Ford Transit Connect camper van conversion beckons, for under $15K

It’s only natural to daydream about escaping into the Great Outdoors in your own self-contained rig as a way to break free of the coronavirus and its various psychic and physical constraints. We totally get it, though we can’t in good conscience recommend it, and more on that in a moment. But for now, let’s fawn over these images of the latest camper van based on the Ford Transit Connect.

The Family Camper Van conversion comes from Denver-based Contravans and is based on the seven-passenger, long-wheelbase Transit Connect cargo van. Total cost for the conversion starts at $14,698, including the tent.

It’s billed as seating and sleeping five, though the latter assumes good enough weather for the rooftop tent to be in constant use. And three people sleeping up there? Well, it’s a Roofnest Condor rooftop tent measuring 48 inches wide by 60 inches long or 83 inches long when open, equal to a queen size bed. Hardy, camp-tested kids might be fine with it, and you can also upgrade to a larger version. Here’s a video that shows you how the Condor works.

Enough nitpicking, though. The conversion includes a 36-liter (61 cubic-inch) stainless-steel fridge, a two-burner camping stove that slides out from the rear and provides storage underneath, and a HydroBlu 4-gallon pressurized water-filtering jerry can for storing potable water. There’s also a 50 amp-hour lithium battery with a 400-watt inverter, USB charging ports and a two-person bed platform that fits over the rear foldable seats. That rooftop tent, which has a skylight, is neatly contained when not in use in an enclosed, weather-resistant shell.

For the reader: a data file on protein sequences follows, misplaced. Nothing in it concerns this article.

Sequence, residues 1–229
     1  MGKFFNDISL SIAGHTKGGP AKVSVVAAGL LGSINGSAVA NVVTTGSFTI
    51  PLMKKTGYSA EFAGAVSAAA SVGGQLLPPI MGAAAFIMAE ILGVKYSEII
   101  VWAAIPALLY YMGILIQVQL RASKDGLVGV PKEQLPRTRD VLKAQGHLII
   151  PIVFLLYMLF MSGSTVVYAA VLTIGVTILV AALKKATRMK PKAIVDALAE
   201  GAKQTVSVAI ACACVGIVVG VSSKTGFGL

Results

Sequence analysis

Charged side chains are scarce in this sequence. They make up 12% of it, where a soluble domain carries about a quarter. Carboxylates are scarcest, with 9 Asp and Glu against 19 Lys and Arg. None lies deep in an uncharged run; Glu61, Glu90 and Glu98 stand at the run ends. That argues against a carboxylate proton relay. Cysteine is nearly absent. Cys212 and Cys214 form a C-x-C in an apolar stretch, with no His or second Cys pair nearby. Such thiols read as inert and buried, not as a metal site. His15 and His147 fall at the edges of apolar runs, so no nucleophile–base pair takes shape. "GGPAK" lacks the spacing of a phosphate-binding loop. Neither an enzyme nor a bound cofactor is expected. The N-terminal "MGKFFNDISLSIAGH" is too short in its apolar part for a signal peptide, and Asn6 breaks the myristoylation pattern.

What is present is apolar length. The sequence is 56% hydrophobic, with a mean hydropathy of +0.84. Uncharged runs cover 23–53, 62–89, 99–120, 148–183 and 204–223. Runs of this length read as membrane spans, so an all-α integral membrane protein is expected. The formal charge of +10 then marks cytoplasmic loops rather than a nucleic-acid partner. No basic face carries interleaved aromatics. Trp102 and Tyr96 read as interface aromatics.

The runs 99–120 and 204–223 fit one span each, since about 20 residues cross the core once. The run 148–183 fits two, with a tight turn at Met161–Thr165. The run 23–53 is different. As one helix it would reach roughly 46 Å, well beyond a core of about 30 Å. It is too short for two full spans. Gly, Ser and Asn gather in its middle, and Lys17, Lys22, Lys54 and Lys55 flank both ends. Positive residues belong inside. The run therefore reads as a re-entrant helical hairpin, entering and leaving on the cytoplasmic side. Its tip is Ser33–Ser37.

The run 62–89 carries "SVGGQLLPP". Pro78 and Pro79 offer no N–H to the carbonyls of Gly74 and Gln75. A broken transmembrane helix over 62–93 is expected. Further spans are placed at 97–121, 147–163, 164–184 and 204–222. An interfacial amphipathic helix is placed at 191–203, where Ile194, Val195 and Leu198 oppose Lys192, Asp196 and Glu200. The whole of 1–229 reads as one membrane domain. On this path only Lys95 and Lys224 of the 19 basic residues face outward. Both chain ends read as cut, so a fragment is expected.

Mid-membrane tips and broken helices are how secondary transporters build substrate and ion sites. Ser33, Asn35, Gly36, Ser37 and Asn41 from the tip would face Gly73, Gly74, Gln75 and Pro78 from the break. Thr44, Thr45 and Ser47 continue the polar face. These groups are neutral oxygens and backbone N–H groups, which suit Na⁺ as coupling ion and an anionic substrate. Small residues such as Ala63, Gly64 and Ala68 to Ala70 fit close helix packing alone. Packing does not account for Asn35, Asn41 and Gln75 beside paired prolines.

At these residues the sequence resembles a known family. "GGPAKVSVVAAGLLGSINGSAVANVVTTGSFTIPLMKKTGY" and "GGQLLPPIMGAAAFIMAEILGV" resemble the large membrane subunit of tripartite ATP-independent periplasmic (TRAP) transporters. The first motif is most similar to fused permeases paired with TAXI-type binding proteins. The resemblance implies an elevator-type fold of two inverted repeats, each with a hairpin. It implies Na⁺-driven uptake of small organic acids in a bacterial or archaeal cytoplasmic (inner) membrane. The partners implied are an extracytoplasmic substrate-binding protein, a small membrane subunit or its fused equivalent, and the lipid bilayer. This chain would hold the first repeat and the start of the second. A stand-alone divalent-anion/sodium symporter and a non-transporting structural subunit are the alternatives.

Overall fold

Other options include an awning that integrates with the tent, dimmable interior LED lighting, a 50-watt flexible solar panel, charge controller and Bluetooth system monitor, and higher-capacity batteries and inverter.

It no doubt looks like fun, but lest you think this is your coronavirus getaway vehicle, think again. As Outside magazine recently pointed out, vanlife during the COVID-19 outbreak ain’t no picnic, with public restrooms suddenly closed or fraught with risk, and a lack of places to park, shower or get running water. “Every day I hear about more vanlifers being asked to leave RV parks, campgrounds, or the public lands they were staying on that are closing,” author and converted school bus owner Christina Hadly wrote. 

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